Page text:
To the list of the departed: Steward B. Nelson Bolton (H.M.S. Indefatigable); Capt. Aubrey N. Carew Hunt (Oxford and Bucks Lt. Infantry) Lieut. Henry Laing (R.N.); J.W. Beechey (H.M.S. Hampshire); A. North (London Rifle Brigade).

To the list of the wounded: Leonard Smith (Canadian Contingent).

As a parish and a congregation we offer our sincere sympathy to our late Vicar and his family in the death of his son killed at the front. I know how very much we have remembered them all in our prayers. We also extend our sympathy to the Rev. H.E. and Mrs Lury on the death of their daughter.

I have also had a cheery letter from Sergt.-Major A.F. Manning who is in Hospital in Leicester and is progressing favourably.


Reading St Giles parish magazine, July 1916 (D/P191/28A/24)

“Let us help, how, when, and where we can, but let us do our bit”

Wargrave women worked hard providing medical supplies for wounded soldiers, and their work inspired ladies across the country.

Wargrave: Surgical Dressing Emergency Society

An American Fete was held at Riverside Lawn, on July 1st, by kind permission of Mr. Cain, in aid of the Society’s funds. The splendid sum of £165 was realised. There is no space to mention all who helped to make the Fete a success, buyers and sellers all did their very best and those present represented a large gathering of interested friends, with a keen appreciation of the work being done at “Millwards” for the Casualty Clearing Stations in France, Greece, Egypt and Mesopotamia.

There are now nine branches:-

Long Parish (Hants). Pangbourne.
Chigwall Row. Wimbledon.
Heswell (Cheshire). Peppard.
Shiplake. Ledbury (Gloucestershire)

Knowl Hill is part of the Wargrave branch.

Wargrave being the Head Branch is in direct communication with the Director General of Voluntary Organizations, New Scotland Yard, and is responsible for all the sterilization of Dressings and the packing of Bales.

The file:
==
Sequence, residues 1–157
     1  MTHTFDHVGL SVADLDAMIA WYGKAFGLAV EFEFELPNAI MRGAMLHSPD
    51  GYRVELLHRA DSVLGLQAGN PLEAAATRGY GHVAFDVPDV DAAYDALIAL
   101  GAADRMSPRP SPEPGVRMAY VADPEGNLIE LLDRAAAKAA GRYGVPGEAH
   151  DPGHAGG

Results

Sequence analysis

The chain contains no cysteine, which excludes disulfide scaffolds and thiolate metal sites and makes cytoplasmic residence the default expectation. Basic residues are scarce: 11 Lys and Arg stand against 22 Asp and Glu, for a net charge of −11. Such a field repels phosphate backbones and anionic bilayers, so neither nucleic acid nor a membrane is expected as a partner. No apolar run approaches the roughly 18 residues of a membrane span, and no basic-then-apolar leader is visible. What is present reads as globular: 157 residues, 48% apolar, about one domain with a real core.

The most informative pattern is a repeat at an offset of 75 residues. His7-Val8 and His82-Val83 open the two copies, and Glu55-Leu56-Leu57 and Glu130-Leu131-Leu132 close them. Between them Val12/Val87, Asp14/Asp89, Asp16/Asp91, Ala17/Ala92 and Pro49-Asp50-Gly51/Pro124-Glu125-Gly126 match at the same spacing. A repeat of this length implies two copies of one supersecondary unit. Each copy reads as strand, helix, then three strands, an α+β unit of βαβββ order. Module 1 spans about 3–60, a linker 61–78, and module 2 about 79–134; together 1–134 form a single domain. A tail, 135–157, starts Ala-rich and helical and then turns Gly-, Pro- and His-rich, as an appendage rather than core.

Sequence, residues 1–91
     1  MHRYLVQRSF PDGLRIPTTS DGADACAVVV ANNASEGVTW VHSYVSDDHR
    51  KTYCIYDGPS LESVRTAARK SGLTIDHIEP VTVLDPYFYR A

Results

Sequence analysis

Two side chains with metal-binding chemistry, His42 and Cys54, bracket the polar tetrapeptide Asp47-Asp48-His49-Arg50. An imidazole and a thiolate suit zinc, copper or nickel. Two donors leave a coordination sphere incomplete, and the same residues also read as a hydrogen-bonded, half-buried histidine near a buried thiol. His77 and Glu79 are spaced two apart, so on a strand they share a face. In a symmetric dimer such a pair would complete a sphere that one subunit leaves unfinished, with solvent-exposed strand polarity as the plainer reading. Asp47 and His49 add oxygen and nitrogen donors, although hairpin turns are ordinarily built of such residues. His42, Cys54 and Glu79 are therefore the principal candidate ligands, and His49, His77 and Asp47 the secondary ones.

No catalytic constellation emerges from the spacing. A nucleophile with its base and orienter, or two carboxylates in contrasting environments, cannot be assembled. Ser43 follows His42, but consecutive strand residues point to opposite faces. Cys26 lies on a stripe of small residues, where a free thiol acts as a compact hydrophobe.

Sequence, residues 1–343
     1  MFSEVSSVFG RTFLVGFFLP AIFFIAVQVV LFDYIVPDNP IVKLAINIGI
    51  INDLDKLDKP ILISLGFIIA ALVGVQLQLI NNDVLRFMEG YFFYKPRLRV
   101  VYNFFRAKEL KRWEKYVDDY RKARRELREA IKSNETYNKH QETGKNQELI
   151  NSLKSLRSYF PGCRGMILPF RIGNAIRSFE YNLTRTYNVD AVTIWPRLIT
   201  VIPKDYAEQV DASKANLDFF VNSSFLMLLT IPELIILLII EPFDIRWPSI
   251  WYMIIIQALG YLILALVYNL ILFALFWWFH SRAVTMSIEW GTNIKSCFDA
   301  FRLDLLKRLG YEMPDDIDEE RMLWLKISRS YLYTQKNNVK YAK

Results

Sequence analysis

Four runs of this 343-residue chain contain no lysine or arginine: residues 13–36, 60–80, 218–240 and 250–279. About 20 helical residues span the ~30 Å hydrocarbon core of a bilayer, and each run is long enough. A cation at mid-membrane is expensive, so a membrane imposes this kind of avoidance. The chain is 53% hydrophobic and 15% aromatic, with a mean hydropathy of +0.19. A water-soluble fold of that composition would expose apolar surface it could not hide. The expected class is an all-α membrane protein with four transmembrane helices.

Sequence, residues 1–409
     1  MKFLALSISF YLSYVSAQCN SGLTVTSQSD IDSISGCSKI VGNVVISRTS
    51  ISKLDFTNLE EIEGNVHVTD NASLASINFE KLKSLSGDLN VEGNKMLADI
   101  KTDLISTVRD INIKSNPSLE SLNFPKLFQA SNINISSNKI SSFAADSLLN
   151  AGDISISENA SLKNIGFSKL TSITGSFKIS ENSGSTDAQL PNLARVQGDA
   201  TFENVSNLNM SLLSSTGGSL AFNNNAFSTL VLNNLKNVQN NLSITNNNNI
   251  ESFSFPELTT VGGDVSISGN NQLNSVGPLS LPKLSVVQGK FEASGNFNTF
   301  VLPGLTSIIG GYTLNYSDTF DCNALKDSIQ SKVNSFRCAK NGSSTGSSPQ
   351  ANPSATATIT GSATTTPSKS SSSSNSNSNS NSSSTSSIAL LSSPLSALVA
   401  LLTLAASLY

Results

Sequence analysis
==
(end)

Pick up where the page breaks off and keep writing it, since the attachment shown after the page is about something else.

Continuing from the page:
The Bales are sent direct from Wargrave Station, (as Government Requisitions) to the points in the Firing Line, most in need of help.

Between the Dates of Oct. 19th, 1915 and June 19th, 1916:

1316 Kits of Sterilized Dressings
4989 Spare Bandages
2915 Comforts including Shirts, Pyjamas, Slippers, Tooth Brushes, Soap, etc., etc., have gone out to help out Wounded, straight from the Trenches or Field.

Several Emergency Calls, including one last week for 200 made swaps, and another for 200 Wargrave Surgical Oakum Pads (a special request from the Front) were filled, in each case the Bales left Wargrave Station 24 hours after the call was received.

Medals were awarded through Miss Choate, as head of the Society, to Members of Wargrave and also Members of the Branches, who had worked 100 hours in three months. The list of names will be printed in the next month’s Magazine.

The work of the Society is growing, so alas is the number of Wounded. We are glad of Comforts, especially socks and warm winter garments. One pair of socks, one shirt will comfort one Wounded Man. Let us help, how, when, and where we can, but let us do our bit.

Wargrave parish magazine, August 1916 (D/P145/28A/31)

For those who perished

MEMORIAL SERVICE.

On Whit-Tuesday evening [13 June] a special Memorial Service was held for those who perished in the Jutland Battle, especially George Gibbins, who was lost on “Black Prince” also for those who perished on the “Hampshire,” especially our great Field Marshall Lord Kitchener.

Warfield section of Warfield District Magazine, July 2016 (D/P151/28A/8/7)

Union Jack at half mast as a nation mourns

Schools in Berkshire reacted to the death of Lord Kitchener at sea.

Warfield CE School
7th June 1916

We regret to hear the sad news of the death of Lord Kitchener and his staff with the crew of the HMS Hampshire torpedoed off the Orkneys on the night of June 5. Suitable prayers and reference to the country’s loss were addressed to our usual morning’s devotions. Pictures of the late secretary of state for war were hung in the school and the national anthem was most impressively sung. We will raise the Union Jack half mast when the sad news is confirmed.

Lower Sandhurst School
June 7th 1916